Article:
Happy Happiness Day! Here, what makes us happy – and what doesn’t.
Since 2013, March 20th has been designated as International Happiness Day by the United Nations and all its member states, including Canada.
Are you feeling it?
That’s the key question but here are more FAQs about happiness, what makes us happy, and what doesn’t.
We’re assuming, of course, that anyone reading this already has the basic necessities of life and enjoys the benefits of living in the 7th happiest country in the world, according to the 2018 World Happiness Report. Canada followed the Nordic countries, Switzerland and the Netherlands.
What is happiness?
Researchers define happiness as experiencing frequent positive emotions — joy, interest, pride, satisfaction— and experiencing negative emotions infrequently: sadness, anxiety and anger.
It’s related to experiencing pleasure and an appreciation of life which is why older people are generally happier and find happiness in ordinary experiences.
As people get older, they tend to focus more on what’s important to them, and don’t sweat the small stuff to the degree they did when they were younger. Other research echoes this and has found that older adults are better about letting go of toxic relationships and past failures.
“They realize how short life is, and they pay more attention to what makes them happy,” says Dr. Robert Waldinger, director of the longest-running study on happiness, the Harvard Study on Adult Development.
Is the ability to be happy something you’re born with?
About 60 per cent of our ability to be happy is based on genes — some people are just naturally happier than others. But research suggests that 40 per cent of people’s happiness comes from the choices they make.
“The idea that you can’t be happier is false,” says Dr. Waldinger, “We now know a great deal about what does and does not contribute to wellbeing and happiness.”
So what does make us happy?
Well, first you have to figure that out for yourself. For example, travel makes some people happy. Other people are happier at home. One way to figure out what makes you happy, suggests research, is to keep track of your happiness and what you are doing. Be aware of what you’re doing when you feel feel alive, connected, in awe, and satisfied, and try to prioritize those activities.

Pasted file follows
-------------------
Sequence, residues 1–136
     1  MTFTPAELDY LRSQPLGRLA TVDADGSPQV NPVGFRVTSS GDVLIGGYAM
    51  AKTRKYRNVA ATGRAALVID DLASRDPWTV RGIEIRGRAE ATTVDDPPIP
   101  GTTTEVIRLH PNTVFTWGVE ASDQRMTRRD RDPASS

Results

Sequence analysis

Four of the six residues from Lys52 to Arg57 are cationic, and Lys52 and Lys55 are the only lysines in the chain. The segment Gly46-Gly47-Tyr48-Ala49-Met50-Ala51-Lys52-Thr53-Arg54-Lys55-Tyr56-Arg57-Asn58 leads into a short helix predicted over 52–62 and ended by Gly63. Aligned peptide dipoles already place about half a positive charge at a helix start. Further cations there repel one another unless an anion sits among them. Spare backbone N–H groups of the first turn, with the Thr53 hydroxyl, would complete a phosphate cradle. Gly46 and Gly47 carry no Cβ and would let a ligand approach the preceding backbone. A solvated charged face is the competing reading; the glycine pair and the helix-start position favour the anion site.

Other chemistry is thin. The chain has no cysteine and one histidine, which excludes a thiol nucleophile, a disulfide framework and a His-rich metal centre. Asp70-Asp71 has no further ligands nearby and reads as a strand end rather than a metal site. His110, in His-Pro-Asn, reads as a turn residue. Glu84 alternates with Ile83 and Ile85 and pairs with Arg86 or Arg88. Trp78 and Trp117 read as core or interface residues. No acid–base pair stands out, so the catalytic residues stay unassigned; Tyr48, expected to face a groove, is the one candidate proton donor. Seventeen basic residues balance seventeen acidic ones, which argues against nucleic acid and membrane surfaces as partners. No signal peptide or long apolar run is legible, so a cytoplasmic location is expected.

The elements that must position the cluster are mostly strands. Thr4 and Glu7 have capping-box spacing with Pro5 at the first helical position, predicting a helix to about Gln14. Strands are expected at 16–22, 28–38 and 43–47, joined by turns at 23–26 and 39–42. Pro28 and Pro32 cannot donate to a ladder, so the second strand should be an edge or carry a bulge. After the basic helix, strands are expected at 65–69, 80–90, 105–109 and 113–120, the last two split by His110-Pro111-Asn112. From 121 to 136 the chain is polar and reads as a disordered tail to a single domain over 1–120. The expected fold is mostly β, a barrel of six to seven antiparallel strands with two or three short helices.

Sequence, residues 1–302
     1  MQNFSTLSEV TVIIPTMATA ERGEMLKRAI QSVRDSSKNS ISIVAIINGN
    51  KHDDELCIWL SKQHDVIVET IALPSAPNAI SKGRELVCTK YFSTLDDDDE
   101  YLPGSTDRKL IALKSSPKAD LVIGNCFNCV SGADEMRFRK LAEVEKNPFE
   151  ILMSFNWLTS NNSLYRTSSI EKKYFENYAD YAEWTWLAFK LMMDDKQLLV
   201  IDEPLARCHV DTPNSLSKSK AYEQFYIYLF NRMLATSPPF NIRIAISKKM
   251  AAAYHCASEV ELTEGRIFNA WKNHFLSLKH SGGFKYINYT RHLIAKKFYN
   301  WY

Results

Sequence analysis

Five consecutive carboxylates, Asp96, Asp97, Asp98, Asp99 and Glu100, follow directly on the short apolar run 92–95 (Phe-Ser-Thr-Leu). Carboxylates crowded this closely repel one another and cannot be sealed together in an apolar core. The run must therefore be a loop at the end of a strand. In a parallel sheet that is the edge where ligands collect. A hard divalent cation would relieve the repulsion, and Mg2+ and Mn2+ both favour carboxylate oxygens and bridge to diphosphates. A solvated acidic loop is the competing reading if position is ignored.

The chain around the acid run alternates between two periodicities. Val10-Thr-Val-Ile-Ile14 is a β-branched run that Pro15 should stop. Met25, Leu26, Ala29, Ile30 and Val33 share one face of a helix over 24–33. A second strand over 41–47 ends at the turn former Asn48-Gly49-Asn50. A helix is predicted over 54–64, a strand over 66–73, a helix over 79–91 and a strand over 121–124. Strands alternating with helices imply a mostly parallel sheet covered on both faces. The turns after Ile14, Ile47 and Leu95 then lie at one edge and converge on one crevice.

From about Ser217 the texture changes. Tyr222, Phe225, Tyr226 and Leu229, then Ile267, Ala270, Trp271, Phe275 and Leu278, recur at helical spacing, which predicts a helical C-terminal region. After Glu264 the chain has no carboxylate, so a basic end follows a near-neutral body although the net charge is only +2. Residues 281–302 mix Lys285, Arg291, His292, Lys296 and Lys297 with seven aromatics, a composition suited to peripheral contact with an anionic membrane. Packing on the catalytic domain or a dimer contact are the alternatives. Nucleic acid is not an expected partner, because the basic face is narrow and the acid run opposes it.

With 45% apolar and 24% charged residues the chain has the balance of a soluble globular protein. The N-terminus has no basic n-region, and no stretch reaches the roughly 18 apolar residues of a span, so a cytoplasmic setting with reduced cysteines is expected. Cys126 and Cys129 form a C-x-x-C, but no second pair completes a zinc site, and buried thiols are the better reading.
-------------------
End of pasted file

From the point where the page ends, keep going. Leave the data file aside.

Being active and exercising will do it for most people. Get some exercise. Happiness and exercise feed each other in a continuous cycle.
A study led by Harvard researchers published in the June 2017 Annals of Behavioral Medicine found that feelings of well-being were linked to higher levels of physical activity among almost 10,000 adults over age 50.
Aristotle said it thousands of years ago: “Happiness is a state of activity.”
It’s also been shown that you can “think” yourself happier by trying to be happy and being positive and resilient, engaging with positive people and, need we say it, looking at the glass as half full instead of half empty.
What about money? Does money and spending it make us happy?
Yup. Material and experiential purchases bring happiness in two distinct flavours, according to the journal Social Psychological and Personality Science. Material purchases, from sweaters to skis, provide more frequent happiness over time, whereas experiential purchases, like going to the zoo or to Machu Piccu, provide more intense happiness on individual occasions.
Additionally, when people looked back on their purchases six weeks later, they felt more satisfaction about experiential purchases.
“The decision of whether to buy a material thing or a life experience may therefore boil down to what kind of happiness one desires,” explained the University of British Columbia’s Aaron Weidman.
“Consider a shopper deciding between tickets to a concert or a new couch in the living room. The concert will provide an intense thrill for one spectacular night, but then it will end, and will no longer provide momentary happiness, aside from being a happy memory. In contrast, the new couch will never provide a thrilling moment to match the concert, but will keep the owner snug and comfortable each day.”
Finally, one major way money makes people happy is by giving it away.
“Regardless of how much income each person made, those who spent money on others reported greater happiness, while those who spent more on themselves did not,” said University of British Columbia researcher Elizabeth Dunn.
And, finally, what makes us unhappy?
Swedish author Henrik Edberg and positivity blogger lists these traits and habits that contribute to unhappiness:
-Aiming for perfection. If you can’t be happy with anything less than perfect, you’re doomed to be unhappy.
-Getting stuck in the past and future, focusing on regrets and what may happen.
-Letting other people’s negativity bring you down. You know who the toxic people are; ditch them so they don’t drag you down.
-Comparing yourself to other people. Envy and resentment are express trains to misery.